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Letter From Poland: Mediation in Polish Penal and Juvenile Law

Wojcik, Dobrochna
June 4, 2015

Source: (2004) Crime Prevention and Community Safety: An International Journal. 6(2): 61-66.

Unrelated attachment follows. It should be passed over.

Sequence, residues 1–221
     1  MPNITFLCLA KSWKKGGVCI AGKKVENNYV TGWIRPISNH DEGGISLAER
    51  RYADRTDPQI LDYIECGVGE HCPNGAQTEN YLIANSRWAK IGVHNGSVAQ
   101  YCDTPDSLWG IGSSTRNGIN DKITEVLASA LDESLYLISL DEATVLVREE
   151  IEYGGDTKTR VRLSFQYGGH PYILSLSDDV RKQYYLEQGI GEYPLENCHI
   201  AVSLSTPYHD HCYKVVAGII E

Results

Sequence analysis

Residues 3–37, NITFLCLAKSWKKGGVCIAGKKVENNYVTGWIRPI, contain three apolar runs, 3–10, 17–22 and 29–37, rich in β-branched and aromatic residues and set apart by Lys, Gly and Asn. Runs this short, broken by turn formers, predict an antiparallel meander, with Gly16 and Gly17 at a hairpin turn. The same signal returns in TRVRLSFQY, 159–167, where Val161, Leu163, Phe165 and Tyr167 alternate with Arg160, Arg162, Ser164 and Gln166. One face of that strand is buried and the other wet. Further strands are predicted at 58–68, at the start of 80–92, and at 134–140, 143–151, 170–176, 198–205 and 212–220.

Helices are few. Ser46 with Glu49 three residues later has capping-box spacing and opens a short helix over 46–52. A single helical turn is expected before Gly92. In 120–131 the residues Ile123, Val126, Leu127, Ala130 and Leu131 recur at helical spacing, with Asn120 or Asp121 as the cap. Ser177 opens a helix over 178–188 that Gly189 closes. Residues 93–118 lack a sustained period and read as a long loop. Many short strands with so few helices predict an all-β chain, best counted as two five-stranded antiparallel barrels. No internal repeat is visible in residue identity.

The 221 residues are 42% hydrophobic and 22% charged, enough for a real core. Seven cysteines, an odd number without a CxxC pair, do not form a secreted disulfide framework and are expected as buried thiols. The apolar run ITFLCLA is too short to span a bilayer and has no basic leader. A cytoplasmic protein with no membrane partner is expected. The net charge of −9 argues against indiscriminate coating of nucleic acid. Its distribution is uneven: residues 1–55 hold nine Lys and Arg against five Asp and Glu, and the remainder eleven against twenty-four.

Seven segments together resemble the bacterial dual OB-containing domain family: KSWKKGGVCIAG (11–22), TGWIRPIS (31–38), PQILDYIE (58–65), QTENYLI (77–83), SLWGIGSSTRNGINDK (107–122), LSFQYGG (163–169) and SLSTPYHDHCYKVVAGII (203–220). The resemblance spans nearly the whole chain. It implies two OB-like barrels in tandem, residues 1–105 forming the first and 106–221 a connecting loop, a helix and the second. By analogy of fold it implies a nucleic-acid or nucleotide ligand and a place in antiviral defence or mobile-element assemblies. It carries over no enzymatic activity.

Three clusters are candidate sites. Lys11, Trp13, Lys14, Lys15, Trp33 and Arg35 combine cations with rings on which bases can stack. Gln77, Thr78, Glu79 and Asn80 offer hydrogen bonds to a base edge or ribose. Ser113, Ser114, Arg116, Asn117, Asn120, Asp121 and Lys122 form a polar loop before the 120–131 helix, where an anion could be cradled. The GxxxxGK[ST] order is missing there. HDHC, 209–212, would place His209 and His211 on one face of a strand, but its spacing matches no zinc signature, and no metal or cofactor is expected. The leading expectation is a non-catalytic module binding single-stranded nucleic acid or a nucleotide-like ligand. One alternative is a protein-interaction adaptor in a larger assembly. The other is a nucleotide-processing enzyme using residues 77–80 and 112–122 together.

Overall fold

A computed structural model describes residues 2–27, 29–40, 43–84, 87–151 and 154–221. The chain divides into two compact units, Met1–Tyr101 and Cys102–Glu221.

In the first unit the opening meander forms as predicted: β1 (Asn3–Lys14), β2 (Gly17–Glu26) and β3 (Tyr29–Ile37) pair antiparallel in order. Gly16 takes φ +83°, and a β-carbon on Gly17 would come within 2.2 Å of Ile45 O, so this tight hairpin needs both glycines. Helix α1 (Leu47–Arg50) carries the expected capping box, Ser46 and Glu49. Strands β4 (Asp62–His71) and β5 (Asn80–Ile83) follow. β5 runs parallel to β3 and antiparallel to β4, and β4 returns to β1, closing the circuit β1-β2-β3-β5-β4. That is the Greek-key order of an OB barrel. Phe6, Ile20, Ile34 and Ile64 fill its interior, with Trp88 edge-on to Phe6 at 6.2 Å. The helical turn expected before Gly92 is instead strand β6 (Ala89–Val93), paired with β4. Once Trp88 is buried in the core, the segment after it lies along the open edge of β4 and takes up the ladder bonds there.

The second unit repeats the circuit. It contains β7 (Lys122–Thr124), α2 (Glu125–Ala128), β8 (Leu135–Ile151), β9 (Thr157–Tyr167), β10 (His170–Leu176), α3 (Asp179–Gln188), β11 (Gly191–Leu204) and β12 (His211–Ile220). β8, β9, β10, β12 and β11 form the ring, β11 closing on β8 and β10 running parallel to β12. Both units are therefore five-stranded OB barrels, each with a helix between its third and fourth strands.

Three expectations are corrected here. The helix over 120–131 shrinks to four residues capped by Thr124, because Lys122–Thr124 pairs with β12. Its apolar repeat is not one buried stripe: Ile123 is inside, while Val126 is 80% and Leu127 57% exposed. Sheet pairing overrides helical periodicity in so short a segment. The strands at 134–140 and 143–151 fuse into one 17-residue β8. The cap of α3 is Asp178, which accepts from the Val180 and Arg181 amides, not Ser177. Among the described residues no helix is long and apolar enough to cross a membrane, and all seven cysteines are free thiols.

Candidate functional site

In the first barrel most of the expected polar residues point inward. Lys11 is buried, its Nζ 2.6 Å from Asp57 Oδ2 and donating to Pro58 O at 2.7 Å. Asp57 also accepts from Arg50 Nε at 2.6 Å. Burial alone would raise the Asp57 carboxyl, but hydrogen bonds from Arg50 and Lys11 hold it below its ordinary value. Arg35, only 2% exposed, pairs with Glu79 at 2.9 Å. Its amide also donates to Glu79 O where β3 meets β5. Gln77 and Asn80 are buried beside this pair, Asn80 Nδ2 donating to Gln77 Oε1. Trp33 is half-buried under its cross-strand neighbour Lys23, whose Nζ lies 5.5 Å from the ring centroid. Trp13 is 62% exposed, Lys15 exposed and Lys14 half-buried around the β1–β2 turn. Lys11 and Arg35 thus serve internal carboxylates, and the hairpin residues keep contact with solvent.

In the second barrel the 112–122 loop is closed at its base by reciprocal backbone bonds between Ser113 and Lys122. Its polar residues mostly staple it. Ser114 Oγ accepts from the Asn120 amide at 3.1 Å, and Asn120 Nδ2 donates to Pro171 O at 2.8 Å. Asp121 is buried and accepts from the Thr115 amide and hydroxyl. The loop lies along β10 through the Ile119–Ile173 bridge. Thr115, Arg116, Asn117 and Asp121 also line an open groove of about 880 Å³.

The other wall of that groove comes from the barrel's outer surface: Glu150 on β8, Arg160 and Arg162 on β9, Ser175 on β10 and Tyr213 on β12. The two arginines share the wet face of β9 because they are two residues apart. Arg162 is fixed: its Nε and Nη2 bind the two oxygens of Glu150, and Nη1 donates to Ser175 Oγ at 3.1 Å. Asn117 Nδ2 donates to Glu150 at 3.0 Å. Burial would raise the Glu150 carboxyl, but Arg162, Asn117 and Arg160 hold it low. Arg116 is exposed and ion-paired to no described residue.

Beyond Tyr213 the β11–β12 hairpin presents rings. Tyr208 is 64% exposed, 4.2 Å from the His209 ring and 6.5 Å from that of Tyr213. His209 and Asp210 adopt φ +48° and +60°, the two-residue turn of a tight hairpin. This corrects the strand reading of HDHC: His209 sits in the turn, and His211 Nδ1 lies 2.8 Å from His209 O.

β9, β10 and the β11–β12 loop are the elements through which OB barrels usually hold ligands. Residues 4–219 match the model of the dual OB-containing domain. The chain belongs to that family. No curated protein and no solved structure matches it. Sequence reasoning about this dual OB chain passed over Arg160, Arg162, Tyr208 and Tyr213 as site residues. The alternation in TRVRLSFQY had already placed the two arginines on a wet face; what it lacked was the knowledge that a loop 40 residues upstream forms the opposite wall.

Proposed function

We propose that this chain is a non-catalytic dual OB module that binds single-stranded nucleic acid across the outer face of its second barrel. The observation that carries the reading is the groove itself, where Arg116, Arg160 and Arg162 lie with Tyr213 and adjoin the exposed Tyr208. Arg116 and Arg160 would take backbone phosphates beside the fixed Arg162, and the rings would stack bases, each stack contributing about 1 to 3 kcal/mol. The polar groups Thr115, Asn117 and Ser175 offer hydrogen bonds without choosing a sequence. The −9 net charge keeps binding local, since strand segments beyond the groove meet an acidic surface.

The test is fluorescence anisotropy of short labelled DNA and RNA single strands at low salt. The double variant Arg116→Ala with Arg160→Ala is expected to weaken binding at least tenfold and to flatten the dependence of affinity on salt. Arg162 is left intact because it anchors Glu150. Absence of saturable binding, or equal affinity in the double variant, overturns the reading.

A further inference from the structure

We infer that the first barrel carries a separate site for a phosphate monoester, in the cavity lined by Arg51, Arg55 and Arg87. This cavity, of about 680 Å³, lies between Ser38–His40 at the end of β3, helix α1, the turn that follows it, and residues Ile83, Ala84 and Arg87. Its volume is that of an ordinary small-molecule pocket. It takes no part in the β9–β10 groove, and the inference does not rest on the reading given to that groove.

The concept of restorative justice recognizes the need to secure the interests and needs of the victim and offers the offender a chance to participate actively in that process and assume responsibility for the offense. The interest in mediation and restorative justice arose in Poland in the early 1900’s. In 1994-19995, an experimental program of mediation was created between juvenile offenders and victims. The results proved the effectiveness of mediation which laid the foundation for the introduction of mediation to Polish Penal Law in 1997. This paper discusses mediation within the context of Polish juvenile and penal law. Current Polish law on mediation is at its preliminary stage with a great deal still to be done to work out the desired provisions. Two specific problems are addressed which need regulating: (1) the law does not clearly stipulate the essence and purpose of mediation and (2) there is the question of obtaining the parties’ consent to mediation. Mediation in Poland, in practice, is developing very slowly due to multiple reservations: insufficient knowledge about mediation, lack of trust in mediation, and doubts of its effectiveness. Abstract courtesy of National Criminal Justice Reference Service,


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